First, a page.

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Poor Will's Almanack: September 6 - 12, 2011

Flickr Creative Commons user BevKnits

Poor Will’s Almanack for the fifth week of Late SummerOne night at the end of summer, I took my border collie, Bella, and went walking in the nature preserve at the edge of town. Once I made my way to the open pastures, my eyes were drawn to the landmarks above me.

The moon was well up in the sky, gibbous and bright, half way past its first quarter, and big enough to light my way. Overhead, I could see the Summer Triangle, Altair, Deneb, and Vega.

Ahead of me, fog lay in long, white patches. As I approached it, I felt myself grow more alert. My eyes less useful, I stepped more carefully and deliberately. My sense of smell, usually dull or taken for granted, quickly found new odors around me. The scream of the crickets and the rasp of the katydids were magnified by my vigilance and sense of isolation in the dark.

In the safety of morning, I could take my self-sufficiency for granted. I knew my way because I could see it there in front of me. Here at night, I kept looking up, checking the moon and stars. Without them, I would have had to admit my vulnerability. I was especially glad to have Bella beside me. We were partners in the adventure, no longer dog and master.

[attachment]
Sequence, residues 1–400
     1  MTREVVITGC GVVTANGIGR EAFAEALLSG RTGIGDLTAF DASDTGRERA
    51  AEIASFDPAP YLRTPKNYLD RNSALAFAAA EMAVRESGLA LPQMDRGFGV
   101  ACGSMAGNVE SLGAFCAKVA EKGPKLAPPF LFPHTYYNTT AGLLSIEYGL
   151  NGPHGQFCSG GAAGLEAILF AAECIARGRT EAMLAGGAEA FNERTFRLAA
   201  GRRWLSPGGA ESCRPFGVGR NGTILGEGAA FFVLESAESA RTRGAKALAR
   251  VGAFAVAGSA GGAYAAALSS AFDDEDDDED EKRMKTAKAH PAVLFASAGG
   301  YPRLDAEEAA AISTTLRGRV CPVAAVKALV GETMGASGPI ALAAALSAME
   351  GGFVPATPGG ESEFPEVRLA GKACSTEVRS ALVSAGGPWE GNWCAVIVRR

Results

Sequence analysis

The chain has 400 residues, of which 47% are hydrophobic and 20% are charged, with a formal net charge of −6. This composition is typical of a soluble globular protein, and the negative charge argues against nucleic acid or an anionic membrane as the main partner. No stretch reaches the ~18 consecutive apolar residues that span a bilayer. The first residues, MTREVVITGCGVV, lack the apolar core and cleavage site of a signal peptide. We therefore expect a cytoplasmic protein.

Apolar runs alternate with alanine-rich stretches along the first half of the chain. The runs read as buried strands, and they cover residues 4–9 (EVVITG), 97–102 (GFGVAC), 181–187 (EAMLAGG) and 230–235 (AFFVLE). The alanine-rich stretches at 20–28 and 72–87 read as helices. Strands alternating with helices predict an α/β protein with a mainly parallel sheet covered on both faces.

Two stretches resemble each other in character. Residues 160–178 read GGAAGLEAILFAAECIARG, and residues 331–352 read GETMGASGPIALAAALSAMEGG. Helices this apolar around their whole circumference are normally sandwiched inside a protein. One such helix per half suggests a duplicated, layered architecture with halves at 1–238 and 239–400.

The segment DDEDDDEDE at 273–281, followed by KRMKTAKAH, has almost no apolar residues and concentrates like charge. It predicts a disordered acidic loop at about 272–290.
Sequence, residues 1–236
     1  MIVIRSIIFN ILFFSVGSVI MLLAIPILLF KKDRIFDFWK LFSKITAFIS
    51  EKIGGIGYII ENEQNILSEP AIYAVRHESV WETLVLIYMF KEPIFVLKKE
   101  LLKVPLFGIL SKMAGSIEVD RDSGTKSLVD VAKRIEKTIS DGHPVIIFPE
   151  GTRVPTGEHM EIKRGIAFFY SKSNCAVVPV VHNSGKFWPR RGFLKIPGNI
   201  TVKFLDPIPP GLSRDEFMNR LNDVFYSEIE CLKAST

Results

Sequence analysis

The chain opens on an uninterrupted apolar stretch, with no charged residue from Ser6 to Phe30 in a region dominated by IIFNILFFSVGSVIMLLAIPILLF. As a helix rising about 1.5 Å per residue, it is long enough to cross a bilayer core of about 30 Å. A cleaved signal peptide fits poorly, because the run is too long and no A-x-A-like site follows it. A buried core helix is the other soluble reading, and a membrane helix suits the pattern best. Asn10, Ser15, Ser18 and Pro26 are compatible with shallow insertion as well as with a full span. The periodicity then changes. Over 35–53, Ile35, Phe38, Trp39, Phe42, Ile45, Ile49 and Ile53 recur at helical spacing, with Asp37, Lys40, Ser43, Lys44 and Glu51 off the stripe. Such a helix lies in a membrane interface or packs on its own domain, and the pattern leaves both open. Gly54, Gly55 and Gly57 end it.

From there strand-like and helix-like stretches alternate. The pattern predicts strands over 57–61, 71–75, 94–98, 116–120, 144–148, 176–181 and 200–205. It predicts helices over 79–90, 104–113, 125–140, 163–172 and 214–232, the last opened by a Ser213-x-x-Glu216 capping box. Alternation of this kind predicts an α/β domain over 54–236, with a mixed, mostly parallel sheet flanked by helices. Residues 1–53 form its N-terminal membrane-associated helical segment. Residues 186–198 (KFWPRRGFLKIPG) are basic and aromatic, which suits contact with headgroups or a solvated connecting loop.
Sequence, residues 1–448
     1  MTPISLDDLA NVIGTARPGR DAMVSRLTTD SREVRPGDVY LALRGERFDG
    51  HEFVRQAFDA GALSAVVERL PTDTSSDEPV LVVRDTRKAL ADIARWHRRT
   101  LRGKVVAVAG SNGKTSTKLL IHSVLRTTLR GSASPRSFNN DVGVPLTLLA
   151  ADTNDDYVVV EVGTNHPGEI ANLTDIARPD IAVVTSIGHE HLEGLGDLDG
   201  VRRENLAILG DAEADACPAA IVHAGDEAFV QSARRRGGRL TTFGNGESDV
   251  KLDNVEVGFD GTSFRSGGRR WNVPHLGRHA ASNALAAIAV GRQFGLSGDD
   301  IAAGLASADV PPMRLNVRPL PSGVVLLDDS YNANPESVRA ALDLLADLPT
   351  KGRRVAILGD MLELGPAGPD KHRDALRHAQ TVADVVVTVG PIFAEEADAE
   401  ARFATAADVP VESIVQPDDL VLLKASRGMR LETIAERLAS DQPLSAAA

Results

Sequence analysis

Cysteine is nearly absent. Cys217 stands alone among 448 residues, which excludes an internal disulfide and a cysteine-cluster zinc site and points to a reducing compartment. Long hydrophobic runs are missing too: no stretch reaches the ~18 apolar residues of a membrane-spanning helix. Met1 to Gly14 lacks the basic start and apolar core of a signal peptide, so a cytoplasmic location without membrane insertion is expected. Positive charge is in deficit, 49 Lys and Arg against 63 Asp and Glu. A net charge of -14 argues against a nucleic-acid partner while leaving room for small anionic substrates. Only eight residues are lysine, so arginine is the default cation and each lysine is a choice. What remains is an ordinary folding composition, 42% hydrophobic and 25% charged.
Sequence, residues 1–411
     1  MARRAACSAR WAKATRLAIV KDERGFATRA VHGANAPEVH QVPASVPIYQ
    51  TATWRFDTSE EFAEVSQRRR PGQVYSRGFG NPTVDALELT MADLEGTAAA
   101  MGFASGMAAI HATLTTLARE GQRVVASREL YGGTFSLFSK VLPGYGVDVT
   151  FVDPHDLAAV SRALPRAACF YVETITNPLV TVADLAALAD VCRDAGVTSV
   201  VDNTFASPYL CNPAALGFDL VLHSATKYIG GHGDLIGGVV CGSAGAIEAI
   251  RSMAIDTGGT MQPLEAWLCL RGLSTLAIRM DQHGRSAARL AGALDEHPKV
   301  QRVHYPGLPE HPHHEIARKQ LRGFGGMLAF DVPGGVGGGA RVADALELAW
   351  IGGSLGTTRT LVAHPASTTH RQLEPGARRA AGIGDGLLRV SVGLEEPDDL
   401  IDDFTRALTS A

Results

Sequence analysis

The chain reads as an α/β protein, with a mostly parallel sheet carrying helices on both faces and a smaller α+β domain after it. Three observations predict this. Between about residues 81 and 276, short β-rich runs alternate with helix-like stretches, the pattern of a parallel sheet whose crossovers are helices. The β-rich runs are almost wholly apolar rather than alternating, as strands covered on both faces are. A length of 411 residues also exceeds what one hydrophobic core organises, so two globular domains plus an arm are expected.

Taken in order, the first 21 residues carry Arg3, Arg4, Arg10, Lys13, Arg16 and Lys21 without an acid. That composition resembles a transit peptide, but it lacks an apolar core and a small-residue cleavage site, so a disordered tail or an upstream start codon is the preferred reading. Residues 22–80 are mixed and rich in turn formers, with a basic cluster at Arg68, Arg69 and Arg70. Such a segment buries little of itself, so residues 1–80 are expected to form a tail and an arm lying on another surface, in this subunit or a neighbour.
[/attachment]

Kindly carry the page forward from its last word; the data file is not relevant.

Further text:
Deprived of solar light, I reverted to a more fundamental self, to a more honest portion of my brain, one which was more mindful. In the day, my head often wandered well ahead of my feet, preoccupied and distracted. Here in the night, I didn't daydream, ruminate, worry or scheme. I didn't review the past or plan the future. Bella was my companion, and there was enough to do in the present.

Next week on Poor Will’s Almanack: notes for the first week of Early Fall. In the meantime, go out into the dark and see who you are.

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Bill Felker has been writing nature columns and almanacs for regional and national publications since 1984. His Poor Will’s Almanack has appeared as an annual publication since 2003. His organization of weather patterns and phenology (what happens when in nature) offers a unique structure for understanding the repeating rhythms of the year.